But even without the full range of data that ethnic monitoring would bring, it is possible to suggest reasons why BME groups are less satisfied with access to their GPs.

Ms Thorlby says it could just be a question of there not being enough GPs in the areas where those people are living, or it could be opening times and the way clinics are run.

'For ethnicity there can [also] be issues about women wanting to see women doctors.'

David Stout says based on his previous experience as chief executive of Newham PCT there is sometimes a tendency for patients to 'cluster' - registering with GPs of their own ethnic origin. 'Often it was to do with whether people spoke their own language,' he says.

It is also possible that ethnic minorities are tending to go to GPs who are simply less good, he says. 'There's a question of what GP they are registered with rather than their ethnicity.'

Registering with a GP can be difficult, particularly for migrants or people who have limited English. Stephen James, head of partnerships and diversity at Ealing PCT, says it is not just language barriers that can pose problems for these groups, but a lack of knowledge of how to access health services in the UK. 'They will need interpreters and mentors and guidance through the system.'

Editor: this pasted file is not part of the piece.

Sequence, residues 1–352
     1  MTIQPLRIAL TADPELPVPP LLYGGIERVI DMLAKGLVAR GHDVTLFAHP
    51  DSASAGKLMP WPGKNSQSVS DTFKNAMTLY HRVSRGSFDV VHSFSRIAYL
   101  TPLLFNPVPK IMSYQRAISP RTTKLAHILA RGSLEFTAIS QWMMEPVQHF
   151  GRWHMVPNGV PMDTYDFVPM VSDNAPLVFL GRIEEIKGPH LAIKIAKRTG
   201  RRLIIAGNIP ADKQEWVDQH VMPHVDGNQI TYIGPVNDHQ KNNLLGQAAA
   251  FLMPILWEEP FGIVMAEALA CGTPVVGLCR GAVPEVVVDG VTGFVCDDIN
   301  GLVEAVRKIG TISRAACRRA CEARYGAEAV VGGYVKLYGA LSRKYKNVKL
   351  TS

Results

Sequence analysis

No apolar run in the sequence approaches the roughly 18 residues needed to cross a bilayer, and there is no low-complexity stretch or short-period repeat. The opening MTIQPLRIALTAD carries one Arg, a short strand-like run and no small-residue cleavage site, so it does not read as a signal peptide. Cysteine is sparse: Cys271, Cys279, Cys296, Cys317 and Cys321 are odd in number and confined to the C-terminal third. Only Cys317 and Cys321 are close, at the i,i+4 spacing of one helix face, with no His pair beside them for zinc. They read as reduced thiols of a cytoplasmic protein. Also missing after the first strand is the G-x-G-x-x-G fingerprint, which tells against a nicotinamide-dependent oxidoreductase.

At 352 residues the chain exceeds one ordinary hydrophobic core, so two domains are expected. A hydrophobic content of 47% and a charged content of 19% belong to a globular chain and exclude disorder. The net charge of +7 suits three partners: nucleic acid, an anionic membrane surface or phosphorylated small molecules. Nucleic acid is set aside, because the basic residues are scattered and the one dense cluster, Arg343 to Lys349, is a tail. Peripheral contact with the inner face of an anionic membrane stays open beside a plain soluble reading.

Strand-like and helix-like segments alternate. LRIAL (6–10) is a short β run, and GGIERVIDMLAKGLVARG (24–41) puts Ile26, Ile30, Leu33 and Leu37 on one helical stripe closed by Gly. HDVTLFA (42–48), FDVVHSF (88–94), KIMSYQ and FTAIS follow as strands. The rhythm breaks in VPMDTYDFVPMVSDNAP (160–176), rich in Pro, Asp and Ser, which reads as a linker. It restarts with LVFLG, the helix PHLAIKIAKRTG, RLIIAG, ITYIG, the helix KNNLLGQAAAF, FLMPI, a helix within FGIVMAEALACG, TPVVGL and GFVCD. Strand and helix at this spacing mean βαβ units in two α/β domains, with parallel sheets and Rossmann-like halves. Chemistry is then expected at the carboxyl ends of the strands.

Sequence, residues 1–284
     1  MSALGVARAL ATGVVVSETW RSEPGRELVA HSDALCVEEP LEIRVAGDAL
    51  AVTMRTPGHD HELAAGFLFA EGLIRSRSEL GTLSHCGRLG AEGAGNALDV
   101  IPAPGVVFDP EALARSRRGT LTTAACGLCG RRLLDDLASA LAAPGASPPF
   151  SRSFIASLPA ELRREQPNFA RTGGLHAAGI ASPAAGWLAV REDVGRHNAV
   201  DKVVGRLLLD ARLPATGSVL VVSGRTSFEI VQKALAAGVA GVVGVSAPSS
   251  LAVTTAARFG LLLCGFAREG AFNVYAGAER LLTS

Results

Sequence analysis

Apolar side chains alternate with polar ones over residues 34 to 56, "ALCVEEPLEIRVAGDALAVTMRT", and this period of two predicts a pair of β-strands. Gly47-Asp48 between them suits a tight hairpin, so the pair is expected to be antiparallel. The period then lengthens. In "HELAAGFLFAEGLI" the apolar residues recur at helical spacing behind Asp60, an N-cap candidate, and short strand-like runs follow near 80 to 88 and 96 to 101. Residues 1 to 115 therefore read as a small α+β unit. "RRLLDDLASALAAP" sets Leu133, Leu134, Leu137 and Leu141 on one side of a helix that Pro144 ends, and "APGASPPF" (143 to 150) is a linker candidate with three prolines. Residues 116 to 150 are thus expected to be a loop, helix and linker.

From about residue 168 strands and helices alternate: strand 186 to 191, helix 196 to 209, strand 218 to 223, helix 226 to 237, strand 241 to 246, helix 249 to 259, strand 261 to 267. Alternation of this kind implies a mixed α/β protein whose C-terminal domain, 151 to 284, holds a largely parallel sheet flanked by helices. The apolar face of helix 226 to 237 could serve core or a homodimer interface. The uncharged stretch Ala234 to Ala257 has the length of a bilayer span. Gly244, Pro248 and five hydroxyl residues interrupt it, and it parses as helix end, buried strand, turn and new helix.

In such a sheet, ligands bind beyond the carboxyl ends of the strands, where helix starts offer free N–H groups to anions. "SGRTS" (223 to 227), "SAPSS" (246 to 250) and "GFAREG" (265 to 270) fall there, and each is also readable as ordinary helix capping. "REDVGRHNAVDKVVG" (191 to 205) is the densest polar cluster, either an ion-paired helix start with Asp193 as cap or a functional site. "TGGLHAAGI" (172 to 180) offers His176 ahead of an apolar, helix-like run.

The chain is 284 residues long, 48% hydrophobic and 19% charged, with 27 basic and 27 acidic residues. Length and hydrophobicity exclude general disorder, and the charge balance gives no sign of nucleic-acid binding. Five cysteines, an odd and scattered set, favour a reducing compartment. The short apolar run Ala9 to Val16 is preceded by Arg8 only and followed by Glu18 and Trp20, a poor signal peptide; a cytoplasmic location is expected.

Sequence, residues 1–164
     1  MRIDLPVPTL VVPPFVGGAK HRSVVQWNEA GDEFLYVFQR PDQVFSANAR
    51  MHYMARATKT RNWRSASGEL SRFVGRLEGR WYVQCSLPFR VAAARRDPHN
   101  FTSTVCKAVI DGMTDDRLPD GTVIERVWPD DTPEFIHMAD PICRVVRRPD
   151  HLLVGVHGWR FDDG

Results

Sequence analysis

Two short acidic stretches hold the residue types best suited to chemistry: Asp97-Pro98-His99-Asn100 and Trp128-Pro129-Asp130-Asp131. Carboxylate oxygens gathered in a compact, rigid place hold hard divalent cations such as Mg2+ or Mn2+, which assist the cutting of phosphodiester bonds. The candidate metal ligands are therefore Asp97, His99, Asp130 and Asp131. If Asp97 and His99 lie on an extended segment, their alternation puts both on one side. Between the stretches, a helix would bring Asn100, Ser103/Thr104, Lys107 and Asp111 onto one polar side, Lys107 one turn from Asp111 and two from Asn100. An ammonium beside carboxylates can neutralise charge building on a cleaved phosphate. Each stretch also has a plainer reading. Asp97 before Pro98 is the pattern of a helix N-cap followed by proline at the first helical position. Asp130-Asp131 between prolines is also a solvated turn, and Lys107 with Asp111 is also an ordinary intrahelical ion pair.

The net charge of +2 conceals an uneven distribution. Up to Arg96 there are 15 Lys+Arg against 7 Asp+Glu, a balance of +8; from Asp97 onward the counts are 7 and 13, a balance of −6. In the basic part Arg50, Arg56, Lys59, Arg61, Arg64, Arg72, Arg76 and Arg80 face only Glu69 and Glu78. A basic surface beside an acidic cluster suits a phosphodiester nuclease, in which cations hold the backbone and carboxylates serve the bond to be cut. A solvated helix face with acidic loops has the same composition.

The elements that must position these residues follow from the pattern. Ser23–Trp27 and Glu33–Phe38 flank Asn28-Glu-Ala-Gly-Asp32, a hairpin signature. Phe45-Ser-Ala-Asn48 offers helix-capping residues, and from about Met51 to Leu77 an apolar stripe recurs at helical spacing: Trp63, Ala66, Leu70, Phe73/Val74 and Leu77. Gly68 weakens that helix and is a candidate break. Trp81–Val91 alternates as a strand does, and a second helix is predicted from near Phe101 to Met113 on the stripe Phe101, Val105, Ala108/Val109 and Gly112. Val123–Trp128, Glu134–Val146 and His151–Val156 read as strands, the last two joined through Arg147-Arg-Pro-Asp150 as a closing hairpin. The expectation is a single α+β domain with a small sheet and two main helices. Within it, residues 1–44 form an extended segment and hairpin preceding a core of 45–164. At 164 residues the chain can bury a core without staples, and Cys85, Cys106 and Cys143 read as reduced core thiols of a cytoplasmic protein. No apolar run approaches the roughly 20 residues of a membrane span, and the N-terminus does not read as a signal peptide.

Some patients come from countries where there is little or no primary care. 'When you are ill you queue up at a hospital. That's not going to work well in England,' he says.

Staff need to know what they are dealing with too, he says. 'There's a whole range of issues about staff and their knowledge of patients' different needs, of diversity of communication, cultural sensitivity and so on.'

Aside from barriers to access, the patient experience survey also raises the spectre of discrimination. Mr Stout says it is possible there are biases against people from different ethnic communities. 'Institutional racism is a possibility,' he says.